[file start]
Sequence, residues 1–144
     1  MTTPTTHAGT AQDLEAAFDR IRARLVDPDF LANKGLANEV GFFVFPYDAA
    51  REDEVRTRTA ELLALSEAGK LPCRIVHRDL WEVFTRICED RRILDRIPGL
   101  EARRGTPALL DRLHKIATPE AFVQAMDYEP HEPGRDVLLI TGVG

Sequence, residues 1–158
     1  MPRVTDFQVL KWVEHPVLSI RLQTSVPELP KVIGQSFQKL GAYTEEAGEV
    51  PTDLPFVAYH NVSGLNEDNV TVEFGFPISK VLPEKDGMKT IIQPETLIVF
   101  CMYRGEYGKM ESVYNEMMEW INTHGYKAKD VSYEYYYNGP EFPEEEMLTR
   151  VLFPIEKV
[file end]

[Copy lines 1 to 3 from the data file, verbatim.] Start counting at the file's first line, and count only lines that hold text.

Sequence, residues 1–144
     1  MTTPTTHAGT AQDLEAAFDR IRARLVDPDF LANKGLANEV GFFVFPYDAA
    51  REDEVRTRTA ELLALSEAGK LPCRIVHRDL WEVFTRICED RRILDRIPGL